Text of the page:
"Power to the people" is a cultural expression and political slogan that has been used in a wide variety of contexts.
During the 1960s in the United States, young people began speaking and writing this phrase as a form of rebellion against what they perceived as the oppression by the older generation, especially The Establishment. The Black Panthers used the slogan "All Power to the People" to protest the rich, ruling class domination of society. Pro-democracy students used it to protest America's military campaign in Vietnam.
In his 1974 book Computer Lib, Ted Nelson connected computer use with political freedom with the rallying cry "Computer power to the people! Down with the cybercrud." In the mid-1980s the People Power movement arose in the Philippines to oust Ferdinand Marcos. In the late 20th century and early 21st century the phrase has been used with regard to energy policy.
The Pakistan Peoples Party has as its creed, "Islam is our faith; democracy is our politics; socialism is our economy; all power to the people."
During the Anti Apartheid struggle in South Africa, the terms Amandla and Matla were used frequently during speeches and rallies, this was followed by the crowd responding with Awethu or Kee A Rona. These terms respectively mean "Power" and "To the people". These terms are still frequently used in ANC meetings and conferences as well as among student activist groups such as SASCO and the ANC Youth League.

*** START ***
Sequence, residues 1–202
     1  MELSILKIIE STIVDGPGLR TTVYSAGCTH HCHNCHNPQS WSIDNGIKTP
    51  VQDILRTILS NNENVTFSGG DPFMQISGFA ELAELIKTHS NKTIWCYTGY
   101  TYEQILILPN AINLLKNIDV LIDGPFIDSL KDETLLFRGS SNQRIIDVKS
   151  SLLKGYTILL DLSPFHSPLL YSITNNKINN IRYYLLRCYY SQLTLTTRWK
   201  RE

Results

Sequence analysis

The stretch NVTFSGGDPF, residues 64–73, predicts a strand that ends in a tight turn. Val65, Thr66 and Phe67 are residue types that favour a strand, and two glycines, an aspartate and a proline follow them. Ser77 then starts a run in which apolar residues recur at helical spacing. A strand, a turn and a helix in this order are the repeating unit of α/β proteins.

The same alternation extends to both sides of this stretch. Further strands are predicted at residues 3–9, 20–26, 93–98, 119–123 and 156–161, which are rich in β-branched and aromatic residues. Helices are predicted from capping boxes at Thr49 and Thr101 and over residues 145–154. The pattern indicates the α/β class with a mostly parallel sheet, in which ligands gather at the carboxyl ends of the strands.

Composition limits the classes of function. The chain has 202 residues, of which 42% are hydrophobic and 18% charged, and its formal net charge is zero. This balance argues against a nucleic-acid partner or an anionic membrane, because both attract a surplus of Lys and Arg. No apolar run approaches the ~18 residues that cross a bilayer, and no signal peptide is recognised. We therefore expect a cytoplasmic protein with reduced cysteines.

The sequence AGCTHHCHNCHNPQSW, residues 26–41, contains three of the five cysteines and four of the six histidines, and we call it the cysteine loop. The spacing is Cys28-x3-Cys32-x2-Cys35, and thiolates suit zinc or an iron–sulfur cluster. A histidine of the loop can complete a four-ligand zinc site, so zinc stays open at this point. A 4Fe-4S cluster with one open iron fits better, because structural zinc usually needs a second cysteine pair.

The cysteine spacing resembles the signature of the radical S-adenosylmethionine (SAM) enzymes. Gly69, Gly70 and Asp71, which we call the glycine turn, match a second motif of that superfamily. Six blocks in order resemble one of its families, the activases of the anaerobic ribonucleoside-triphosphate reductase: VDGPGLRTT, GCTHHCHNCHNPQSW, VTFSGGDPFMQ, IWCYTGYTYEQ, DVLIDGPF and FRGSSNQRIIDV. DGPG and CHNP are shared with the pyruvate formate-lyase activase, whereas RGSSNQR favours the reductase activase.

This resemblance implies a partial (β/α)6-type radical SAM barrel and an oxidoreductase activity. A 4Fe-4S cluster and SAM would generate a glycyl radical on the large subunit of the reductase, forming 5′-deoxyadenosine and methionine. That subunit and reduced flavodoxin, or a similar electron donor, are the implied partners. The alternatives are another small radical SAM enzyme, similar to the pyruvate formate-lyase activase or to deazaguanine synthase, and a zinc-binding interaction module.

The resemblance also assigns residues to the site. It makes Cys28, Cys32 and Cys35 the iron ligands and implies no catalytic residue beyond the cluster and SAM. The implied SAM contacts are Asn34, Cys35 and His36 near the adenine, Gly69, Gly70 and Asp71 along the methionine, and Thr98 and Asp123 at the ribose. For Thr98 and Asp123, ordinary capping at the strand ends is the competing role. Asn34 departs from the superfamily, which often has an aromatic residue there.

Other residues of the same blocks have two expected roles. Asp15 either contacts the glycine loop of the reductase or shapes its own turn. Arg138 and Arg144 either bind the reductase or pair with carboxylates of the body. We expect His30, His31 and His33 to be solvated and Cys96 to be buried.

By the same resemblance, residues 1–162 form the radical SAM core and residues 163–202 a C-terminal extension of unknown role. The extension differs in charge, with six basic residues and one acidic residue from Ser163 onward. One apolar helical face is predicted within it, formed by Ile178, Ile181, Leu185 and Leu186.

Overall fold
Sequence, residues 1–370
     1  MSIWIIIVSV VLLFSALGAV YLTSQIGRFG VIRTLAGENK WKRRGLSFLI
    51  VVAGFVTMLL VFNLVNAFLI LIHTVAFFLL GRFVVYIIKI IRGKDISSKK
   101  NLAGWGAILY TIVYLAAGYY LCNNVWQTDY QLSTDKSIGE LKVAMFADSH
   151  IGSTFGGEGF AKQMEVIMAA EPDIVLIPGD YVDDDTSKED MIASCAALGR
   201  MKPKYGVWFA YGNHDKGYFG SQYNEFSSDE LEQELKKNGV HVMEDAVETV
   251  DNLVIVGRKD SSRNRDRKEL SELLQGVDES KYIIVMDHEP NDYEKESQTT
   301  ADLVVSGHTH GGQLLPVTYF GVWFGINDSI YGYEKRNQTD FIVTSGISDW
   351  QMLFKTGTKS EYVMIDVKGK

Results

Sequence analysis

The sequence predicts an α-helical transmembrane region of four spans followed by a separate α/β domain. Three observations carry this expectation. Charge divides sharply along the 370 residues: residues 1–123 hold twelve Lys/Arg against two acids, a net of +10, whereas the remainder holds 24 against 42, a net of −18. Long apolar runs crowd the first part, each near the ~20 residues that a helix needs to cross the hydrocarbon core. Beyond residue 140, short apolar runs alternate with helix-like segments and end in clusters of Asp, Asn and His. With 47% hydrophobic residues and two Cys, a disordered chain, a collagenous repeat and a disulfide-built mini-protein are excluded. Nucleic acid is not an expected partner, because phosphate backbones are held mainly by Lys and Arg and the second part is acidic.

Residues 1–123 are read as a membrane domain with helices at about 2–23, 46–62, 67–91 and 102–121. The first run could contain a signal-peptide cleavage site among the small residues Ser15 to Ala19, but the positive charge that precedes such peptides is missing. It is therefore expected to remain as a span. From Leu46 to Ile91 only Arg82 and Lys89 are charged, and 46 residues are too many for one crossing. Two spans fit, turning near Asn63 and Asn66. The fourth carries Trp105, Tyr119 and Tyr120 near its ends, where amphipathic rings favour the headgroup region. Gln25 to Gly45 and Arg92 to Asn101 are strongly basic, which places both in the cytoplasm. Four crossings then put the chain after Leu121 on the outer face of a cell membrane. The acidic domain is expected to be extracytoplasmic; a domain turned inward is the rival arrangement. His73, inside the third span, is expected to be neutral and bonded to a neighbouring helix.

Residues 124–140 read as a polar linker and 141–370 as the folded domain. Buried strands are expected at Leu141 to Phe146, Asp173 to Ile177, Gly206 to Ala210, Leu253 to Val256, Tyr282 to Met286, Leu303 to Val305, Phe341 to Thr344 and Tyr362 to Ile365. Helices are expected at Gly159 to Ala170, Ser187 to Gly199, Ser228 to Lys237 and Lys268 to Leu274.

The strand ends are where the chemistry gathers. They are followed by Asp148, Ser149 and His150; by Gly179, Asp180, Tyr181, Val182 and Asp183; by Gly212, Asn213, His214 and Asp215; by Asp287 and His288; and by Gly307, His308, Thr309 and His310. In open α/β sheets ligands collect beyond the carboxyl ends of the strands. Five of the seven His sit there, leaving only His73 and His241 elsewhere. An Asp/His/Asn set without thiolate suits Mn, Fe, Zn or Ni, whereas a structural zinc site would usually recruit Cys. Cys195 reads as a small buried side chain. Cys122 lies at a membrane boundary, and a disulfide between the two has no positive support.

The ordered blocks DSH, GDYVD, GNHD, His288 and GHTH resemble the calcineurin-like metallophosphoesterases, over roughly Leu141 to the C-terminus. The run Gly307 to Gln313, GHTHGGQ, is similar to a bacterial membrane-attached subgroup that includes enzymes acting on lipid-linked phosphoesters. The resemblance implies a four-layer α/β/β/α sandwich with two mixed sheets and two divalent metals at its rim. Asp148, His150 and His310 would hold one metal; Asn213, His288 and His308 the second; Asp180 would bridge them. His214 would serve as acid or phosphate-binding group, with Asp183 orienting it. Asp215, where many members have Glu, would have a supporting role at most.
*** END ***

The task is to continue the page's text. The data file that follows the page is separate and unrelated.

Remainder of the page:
Margaret Thatcher criticised the use of the slogan by the left in a 1986 speech: "Socialists cry 'Power to the people', and raise the clenched fist as they say it. We all know what they really mean - power over people, power to the State."
The 1970s television series Citizen Smith had the title character use the slogan in the title sequence.
"Power to the people" is the title of a song by John Lennon and a lyric by James Brown: "Power to the people, people power!". "Power to the people, 'cause the people want peace" is also chanted on the Public Enemy album New Whirl Odor. Rage Against the Machine quoted the slogan in their song "Year of tha Boomerang". The Jamaican reggae band Rootz Underground wrote a song entitled "Power to the People" in which they quote this slogan in both English and South African versions.
One of the more politically extreme singer-songwriters is Quino, the lead singer of the reggae band Big Mountain who also wrote a song entitled "Power to the People" and then had a tattoo of "Power to the People" along with the fist placed on his chest.
The electronic house music artist Basement Jaxx released a song titled "Power to the People" on their album Junto in 2014.
A popular variation of the slogan is "Power to the Poor People!" Amongst others, the South African social movement the Western Cape Anti-Eviction Campaign uses the slogan to express the need for poor people to control their own movements rather than have wealthy donors or NGOs control or speak for them. The divide between South Africa's independent social movements and many leftist and vanguard organisations in South Africa has become a point of contention.
The South African slogan "Amandla Ngawethu" or "Amandla Awethu" is also a popular variation of the Power to the People. It literally means "The power is ours" but is used in a similar way as "Power to the People". It is often used in a call and response format, with the speaker shouting "Amandla" and the crowd replying "Awethu".